The woodwinds are extremely fun to play with. You have high woodwinds and low woodwinds patches (I wish the same would have been done with the strings…). Both have long, short and FX sub patches with keyswitches. This massive woodwind sections sounds very different as your ordinary woodwind samples libraries. Again, one has to get used to the sound and has to use it wisely. But do that, and you will be able to write some very interesting music. The woodwinds do not come with a legato patch.
For the brass 8dio recorded 10 cimbassos, 10 bass trombones, 30 french horns and 10 trumpets. As the strings, the brass come all in one and are separated into longs, shorts and FX. My favourite part of the brass are the staccatos and staccatissimos. Imagine the brass staccatos from Pirates of the Caribbean; that is the kind of sound you can easily get with Majestica. My second favourite patches are again the sustains and “arc” paches. They are amazingly great for chordal backing. As in the strings, the lower dynamics are extremely lush. The higher dynamics are immensely powerful! Get ready to produce some epic BRAAMS.
I was very pleasantly surprised by the percussion in Majestica. The toms are powerful and will become a staple in my orchestral/epic template. The bass drum, timpani and snares are nothing to joke about as well. The bass drum is one of the nicest and cleanest, bass drums I have heard and the timpani will make a great addition to my template as well. The cymbals, gongs and tam-tams are spot on as well. I really have nothing bad to say about the percussions!
Users of other 8dio libraries will already be used to the GUI. In the main window you can select and deselect different articulations. Then you also have a mixer tab where you can play around with the different mic positions. There is also a options tab where you can offset the samples, set their attack and release or even stack different articulations on top of each other (great for sound design). But the best part of the library is the effects window, which is intuitive design to help you easily mangle the sound to your own taste and make it completely your own. Here you can pitch shift, distort or gate the samples. You can also add delay, reverb and other effects. The effects window really makes the library usable in a lot of different scenarios, since with a little ingenuity and luck you will be able to make some very interesting sounds right out of Kontakt itself.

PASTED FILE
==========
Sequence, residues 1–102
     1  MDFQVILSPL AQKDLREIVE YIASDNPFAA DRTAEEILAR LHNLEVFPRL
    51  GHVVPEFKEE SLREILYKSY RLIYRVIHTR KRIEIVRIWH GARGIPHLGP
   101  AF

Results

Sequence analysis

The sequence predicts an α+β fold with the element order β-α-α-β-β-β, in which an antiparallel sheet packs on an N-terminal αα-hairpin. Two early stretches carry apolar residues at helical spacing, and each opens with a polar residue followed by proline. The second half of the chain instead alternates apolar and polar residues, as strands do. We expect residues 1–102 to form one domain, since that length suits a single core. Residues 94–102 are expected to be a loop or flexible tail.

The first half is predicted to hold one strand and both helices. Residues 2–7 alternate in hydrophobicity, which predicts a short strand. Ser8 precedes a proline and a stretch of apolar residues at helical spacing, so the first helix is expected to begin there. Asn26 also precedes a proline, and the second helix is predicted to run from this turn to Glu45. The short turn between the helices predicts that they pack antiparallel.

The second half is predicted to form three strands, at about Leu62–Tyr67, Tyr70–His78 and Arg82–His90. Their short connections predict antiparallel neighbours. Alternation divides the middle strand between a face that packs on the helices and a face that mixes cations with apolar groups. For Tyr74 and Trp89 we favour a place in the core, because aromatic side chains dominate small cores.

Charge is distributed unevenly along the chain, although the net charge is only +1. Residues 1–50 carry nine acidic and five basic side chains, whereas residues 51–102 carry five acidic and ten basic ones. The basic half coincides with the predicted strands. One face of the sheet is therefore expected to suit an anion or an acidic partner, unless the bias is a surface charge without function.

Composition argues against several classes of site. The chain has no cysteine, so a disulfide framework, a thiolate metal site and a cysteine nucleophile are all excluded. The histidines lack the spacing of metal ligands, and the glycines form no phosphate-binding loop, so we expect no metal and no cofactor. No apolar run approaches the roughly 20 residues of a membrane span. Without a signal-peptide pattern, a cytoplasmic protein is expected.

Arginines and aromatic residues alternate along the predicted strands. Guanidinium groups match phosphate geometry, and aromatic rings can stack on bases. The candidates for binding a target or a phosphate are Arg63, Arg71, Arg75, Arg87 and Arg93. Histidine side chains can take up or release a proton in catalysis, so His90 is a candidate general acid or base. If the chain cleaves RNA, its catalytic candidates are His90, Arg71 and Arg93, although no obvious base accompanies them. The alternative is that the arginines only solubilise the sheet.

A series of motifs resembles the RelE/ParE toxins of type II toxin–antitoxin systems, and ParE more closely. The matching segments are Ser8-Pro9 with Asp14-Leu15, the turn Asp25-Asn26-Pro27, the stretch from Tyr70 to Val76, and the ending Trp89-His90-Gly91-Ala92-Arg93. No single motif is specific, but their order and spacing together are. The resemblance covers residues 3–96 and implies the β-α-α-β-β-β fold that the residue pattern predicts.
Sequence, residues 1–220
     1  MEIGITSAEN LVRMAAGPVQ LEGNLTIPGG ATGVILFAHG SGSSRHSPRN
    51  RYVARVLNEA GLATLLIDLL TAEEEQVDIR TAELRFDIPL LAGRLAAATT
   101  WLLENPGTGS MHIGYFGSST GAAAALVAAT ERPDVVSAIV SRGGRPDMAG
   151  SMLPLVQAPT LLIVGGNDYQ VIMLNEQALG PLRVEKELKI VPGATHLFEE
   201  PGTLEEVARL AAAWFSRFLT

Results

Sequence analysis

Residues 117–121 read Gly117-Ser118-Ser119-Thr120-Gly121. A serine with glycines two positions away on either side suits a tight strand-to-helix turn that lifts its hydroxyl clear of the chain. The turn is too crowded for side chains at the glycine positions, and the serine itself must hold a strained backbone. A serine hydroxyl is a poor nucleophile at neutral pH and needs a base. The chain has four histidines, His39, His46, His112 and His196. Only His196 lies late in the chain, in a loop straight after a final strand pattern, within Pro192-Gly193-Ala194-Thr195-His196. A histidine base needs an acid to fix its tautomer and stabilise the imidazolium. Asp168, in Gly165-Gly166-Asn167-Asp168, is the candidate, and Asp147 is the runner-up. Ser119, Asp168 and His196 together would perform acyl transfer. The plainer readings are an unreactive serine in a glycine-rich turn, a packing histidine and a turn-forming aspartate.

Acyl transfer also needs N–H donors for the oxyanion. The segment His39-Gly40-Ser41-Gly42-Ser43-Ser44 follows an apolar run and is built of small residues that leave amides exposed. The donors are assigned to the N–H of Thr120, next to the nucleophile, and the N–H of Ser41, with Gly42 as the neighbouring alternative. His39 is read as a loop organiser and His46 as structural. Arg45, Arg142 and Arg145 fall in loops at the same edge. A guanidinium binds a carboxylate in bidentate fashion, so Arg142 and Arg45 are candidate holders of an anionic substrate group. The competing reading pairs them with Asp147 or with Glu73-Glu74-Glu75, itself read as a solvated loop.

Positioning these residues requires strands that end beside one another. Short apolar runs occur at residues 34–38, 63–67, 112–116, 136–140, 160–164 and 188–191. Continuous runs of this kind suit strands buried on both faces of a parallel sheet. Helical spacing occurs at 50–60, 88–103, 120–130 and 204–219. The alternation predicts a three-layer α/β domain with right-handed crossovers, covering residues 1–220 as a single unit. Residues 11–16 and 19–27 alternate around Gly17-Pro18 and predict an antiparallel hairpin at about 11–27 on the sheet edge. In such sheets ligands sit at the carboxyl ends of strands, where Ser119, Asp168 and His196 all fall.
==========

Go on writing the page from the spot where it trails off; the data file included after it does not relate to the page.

Price performance and conclusion
Majestica is priced at 599$. At first glance I would think the price is quite high, but on the other hand the library is aimed at high-end professionals seeking a new and interesting orchestral sound, so if I look at the price from this perspective, I think the price OK. This is a truly unique product on the market that is still yet to be matched by any other sample library producer. Majestica delivers exactly what it promotes. You get a massive orchestral sample library with a massive sound. But as I have stated in my review, this sound does come with its own downfalls. You have to be very careful not to write with Majestica as you would have written for “normal” orchestral sample libraries, since the sound of Majestica is so rich in overtones, it can quickly sound muddy and “synthy”. So, take great care on how you use it. But use it correctly and you will find yourself in a world of a completely new orchestral sound.
- The biggest orchestra ever samples
- Unique sound
- One needs to take care on how he uses it
- Can sound synthy
- The “arc” articulations are not tempo elastic